Agrochemicals and nutrients 

The unsustainable use of agrochemicals (fertilizers, herbicides, pesticides, and plant hormones) has resulted in a greater amount of pollution in the environment [6]. Along with these, agricultural areas gather an extensive amount of agrochemicals from nearby fields due to surface run-off, direct drift, and leaching [7]. 

When fertilizers are applied at higher concentrations they easily run off and leach into surface water bodies. Even organic manure when used in excess, tends to cause eutrophication and algal blooms, which can cause diseases like blue baby syndrome [5].  Chemical compounds like pesticides, herbicides, insecticides, and fungicides are extensively used in agriculture and are passed through the food chain until they become toxic to humans [6,8]. Accumulation of salts in the soil causes the salinization of freshwater bodies. The majority of water salinity problems have been reported in countries like China, India, Argentina, and Sudan [9]. 


An estimated 58% of wastewater from urban areas and 81% of industrial wastewater are discharged into water bodies with no or inadequate treatment in contamination of approximately 73% of water bodies [10]. Sewage contains industrial waste, Municipal waste, domestic waste like bath water, washing machine, kitchen waste, and fecal matter. Fresh water sources also serve as the best sink for the discharge of this wastewater [11,12].  Sewage entering into water contains pathogenic organisms out of which 1400 species including bacteria, protozoa, fungi, and viruses have been identified by scientists [13-15].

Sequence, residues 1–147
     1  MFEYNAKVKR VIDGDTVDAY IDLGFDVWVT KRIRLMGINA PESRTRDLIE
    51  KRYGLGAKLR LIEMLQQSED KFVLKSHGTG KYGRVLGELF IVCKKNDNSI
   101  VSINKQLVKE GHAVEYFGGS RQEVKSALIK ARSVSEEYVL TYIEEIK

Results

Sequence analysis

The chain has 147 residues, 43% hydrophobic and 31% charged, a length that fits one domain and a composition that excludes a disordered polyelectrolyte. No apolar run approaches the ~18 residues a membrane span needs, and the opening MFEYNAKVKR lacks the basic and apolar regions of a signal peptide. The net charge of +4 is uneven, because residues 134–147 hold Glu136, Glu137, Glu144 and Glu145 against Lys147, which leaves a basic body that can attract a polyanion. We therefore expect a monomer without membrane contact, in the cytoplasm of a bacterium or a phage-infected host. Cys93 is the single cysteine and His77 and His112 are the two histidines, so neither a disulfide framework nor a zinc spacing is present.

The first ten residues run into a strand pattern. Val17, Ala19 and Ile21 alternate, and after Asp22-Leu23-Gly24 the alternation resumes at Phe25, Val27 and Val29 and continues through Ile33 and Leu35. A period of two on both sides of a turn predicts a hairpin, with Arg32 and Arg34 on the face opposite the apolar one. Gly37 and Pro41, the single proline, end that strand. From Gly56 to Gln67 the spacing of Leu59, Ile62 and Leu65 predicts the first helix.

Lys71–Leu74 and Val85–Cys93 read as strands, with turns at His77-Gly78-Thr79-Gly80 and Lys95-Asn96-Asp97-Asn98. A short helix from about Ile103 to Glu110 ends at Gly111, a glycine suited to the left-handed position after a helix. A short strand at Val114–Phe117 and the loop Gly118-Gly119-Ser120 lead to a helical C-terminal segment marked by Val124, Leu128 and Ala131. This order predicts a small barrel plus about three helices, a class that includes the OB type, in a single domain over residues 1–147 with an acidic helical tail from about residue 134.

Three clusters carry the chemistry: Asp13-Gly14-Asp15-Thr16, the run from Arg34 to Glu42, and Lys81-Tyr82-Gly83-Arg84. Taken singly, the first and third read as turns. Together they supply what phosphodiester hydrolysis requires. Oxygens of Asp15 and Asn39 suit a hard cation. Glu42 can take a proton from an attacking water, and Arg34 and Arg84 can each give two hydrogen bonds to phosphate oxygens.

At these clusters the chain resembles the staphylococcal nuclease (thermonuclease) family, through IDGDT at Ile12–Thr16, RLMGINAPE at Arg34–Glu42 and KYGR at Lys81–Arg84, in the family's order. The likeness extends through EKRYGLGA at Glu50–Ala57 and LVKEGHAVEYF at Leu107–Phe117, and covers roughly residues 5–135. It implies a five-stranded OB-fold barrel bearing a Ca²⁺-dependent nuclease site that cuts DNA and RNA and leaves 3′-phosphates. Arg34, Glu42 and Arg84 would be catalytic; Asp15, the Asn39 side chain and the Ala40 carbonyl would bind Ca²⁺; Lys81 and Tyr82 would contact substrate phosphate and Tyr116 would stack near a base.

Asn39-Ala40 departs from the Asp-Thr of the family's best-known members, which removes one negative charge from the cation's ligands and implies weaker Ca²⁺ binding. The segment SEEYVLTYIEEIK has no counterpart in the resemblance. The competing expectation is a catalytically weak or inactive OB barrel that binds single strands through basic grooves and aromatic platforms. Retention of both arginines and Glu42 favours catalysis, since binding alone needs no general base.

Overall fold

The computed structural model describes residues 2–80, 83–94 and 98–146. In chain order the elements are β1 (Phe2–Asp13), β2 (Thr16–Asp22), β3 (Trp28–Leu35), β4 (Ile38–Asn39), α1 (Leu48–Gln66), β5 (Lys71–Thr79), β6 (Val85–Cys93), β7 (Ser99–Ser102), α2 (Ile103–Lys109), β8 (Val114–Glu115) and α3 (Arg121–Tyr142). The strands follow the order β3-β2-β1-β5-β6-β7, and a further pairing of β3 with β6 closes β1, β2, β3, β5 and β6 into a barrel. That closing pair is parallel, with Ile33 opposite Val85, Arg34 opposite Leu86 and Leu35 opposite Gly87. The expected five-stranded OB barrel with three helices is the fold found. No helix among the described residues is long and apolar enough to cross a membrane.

Many reports of emerging freshwater infections are linked to at least one invasive species, aquaculture intensification, nutrient, and pollutant runoff, or changing food-web structure [16]. Policy changes and improved surveillance have been advocated to decrease the likelihood of pathogen introduction and maximize opportunities for control [17].  In case of infections involving both wildlife and human hosts, or have parallels in transmission control, freshwater management to limit eutrophication, maintain higher trophic levels (e.g. predators), and prevent invasive species could help regulate infections across a range of host taxa. 

Heavy metals 

Heavy metals like Mercury, Lead, Cadmium, Copper, Zinc, and Nickel are released into the water due to industry and agriculture [18]. Once released in the aquatic environment they bind to particulate matter and settle down into sediments [19].